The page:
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Unit information: Performance Forms and Analysis in 2019/20

Please note: It is possible that the information shown for future academic years may change due to developments in the relevant academic field. Optional unit availability varies depending on both staffing and student choice.

Unit name Performance Forms and Analysis
Unit code DRAM11004
Credit points 20
Level of study C/4
Teaching block(s) Teaching Block 1 (weeks 1 - 12)
Unit director Dr. Eleanor Rycroft
Open unit status Not open
Pre-requisites

None

Co-requisites

None

School/department Department of Theatre
Faculty Faculty of Arts

Description

Year 1 of the course is designed to lay foundations in performance and screen studies, introducing key concepts, theories and approaches. These are supplemented by seminars to focus on critical and textual analysis. In this unit students are introduced to a range of performance forms and methods of analysis. This unit will develop close analytical skills by considering topics including but not limited to:

  • Definitions: what is performance and what is theatre?
  • Defintions: who is the performer and who is the actor?
  • Defintions: what is the play text?
  • Definitions: performance spaces and spectatorship.
  • Definitions: what are the contexts of performance?
  • Liveness: performance in a mediatized age.
  • Semiotics of performance and theatre.
  • Analyzing performance: reading the signs and analyzing events.
  • How does critical theory help us to analyze performance?
  • Why does theatre history matter?

Lectures, seminars, screenings and online discussions will explore contrasting ways in which elements of performance forms have been configured in different periods and cultural contexts, in order to establish conceptual vocabularies and theoretical frameworks, which students can use to analyse creatively the complexities of performance in practice.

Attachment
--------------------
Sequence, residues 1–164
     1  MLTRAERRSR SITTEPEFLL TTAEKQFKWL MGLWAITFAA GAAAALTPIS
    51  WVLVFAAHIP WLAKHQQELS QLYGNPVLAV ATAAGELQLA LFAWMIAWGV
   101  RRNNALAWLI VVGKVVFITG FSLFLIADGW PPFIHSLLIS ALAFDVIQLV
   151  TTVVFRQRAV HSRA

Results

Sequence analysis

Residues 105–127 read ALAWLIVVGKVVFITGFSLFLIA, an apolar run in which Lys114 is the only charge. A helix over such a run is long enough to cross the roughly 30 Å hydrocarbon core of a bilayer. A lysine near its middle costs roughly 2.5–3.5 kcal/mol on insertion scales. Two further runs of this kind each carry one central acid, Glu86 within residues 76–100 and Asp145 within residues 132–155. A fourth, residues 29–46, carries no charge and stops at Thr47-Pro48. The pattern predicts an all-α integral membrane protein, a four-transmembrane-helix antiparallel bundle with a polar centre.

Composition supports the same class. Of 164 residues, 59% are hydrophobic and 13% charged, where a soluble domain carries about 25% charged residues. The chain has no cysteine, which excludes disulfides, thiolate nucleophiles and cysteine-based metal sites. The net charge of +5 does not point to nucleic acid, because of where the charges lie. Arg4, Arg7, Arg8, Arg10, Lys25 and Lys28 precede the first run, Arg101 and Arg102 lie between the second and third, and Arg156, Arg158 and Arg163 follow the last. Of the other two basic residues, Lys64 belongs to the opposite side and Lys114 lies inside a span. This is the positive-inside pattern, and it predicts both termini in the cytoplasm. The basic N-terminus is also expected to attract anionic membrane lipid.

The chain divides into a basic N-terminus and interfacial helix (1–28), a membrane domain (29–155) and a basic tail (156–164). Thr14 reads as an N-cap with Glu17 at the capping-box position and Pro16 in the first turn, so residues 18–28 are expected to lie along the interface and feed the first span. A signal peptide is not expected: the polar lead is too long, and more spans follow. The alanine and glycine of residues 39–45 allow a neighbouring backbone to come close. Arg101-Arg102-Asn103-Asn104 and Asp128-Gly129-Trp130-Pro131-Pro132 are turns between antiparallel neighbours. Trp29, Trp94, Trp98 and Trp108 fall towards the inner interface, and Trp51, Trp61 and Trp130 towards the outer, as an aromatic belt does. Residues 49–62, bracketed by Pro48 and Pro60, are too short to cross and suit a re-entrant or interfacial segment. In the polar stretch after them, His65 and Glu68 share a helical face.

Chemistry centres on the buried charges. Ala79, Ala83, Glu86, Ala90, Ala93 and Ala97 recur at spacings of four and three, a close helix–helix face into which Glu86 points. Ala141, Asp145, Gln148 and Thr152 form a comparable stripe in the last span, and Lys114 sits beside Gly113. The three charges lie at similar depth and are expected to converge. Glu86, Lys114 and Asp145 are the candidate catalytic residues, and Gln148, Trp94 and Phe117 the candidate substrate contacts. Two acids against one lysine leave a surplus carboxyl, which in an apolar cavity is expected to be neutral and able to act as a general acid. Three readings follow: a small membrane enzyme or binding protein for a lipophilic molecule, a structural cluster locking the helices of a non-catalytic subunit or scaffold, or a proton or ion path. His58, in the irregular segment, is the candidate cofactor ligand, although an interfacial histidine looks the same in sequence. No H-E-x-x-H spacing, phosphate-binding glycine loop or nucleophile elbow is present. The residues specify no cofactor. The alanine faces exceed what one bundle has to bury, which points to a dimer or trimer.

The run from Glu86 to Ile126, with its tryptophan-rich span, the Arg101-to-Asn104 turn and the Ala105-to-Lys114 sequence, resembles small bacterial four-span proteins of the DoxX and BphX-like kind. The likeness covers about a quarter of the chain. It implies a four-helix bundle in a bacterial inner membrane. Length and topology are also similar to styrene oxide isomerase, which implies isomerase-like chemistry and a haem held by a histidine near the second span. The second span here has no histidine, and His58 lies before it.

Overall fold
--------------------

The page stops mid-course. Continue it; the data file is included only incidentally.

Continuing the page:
• to introduce students to key areas in the study and analysis of performance forms;
  • to undertake a close investigation of selected historical and contemporary performance forms;
  • to encourage critical understandings of the crucial components of performance forms;
  • to explore how elements of performance forms have been configured in different periods and cultural contexts;
  • to establish conceptual vocabularies and theoretical frameworks for the creative analysis of the complexities of performance forms in practice;
  • to introduce a range of approaches to the teaching and learning of performance analysis.

Intended learning outcomes

On successful completion of this unit students will

  1. be able to identify key areas in the study and analysis of performance forms;
  2. be able demonstrate an understanding of the issues involved in a close investigation of selected historical and contemporary performance forms;
  3. be able to demonstrate a critical understandings of the crucial components of performance forms;
  4. be able to explore effectively and critically how elements of performance forms have been configured in different periods and cultural contexts;
  5. be able to deploy conceptual vocabularies and theoretical frameworks in their creative analyses of the dynamics of performance forms;
  6. demonstrate a developing understanding of the range of approaches to the teaching and learning of performance analysis.

Teaching details

Blended teaching: 10 x 1hr lectures 10 x 1hr seminars 10 x 2hr screenings Blackboard discussion board exercises, as appropriate.

Assessment Details

1,500-word literature review (30%) (ILOs 1, 5, 6) ; 2,000-word essay (70%) (ILOs 1-6)

Reading and References

  • Campbell, Patrick ed. (1996) Analysing Performance: a critical reader, Manchester: Manchester University Press.
  • Carlson, Marvin (1996) Performance: a critical introduction, London: Routledge.
  • Davis, T. and Postlewaite, T (eds) (2003) Theatricality, Cambridge: Cambridge University Press.
  • Pavis, P (2003) Analyzing Performance, Michigan: University of Michigan Press.
  • Postlewaite, T and McConachie, B (eds) (1989) Interpreting the Theatrical Past, Iowa City: University of Iowa Press.
  • Shepherd, Simon and Mick Wallis (2004) Drama / Theatre / Performance. London: Routledge, New Critical Idiom

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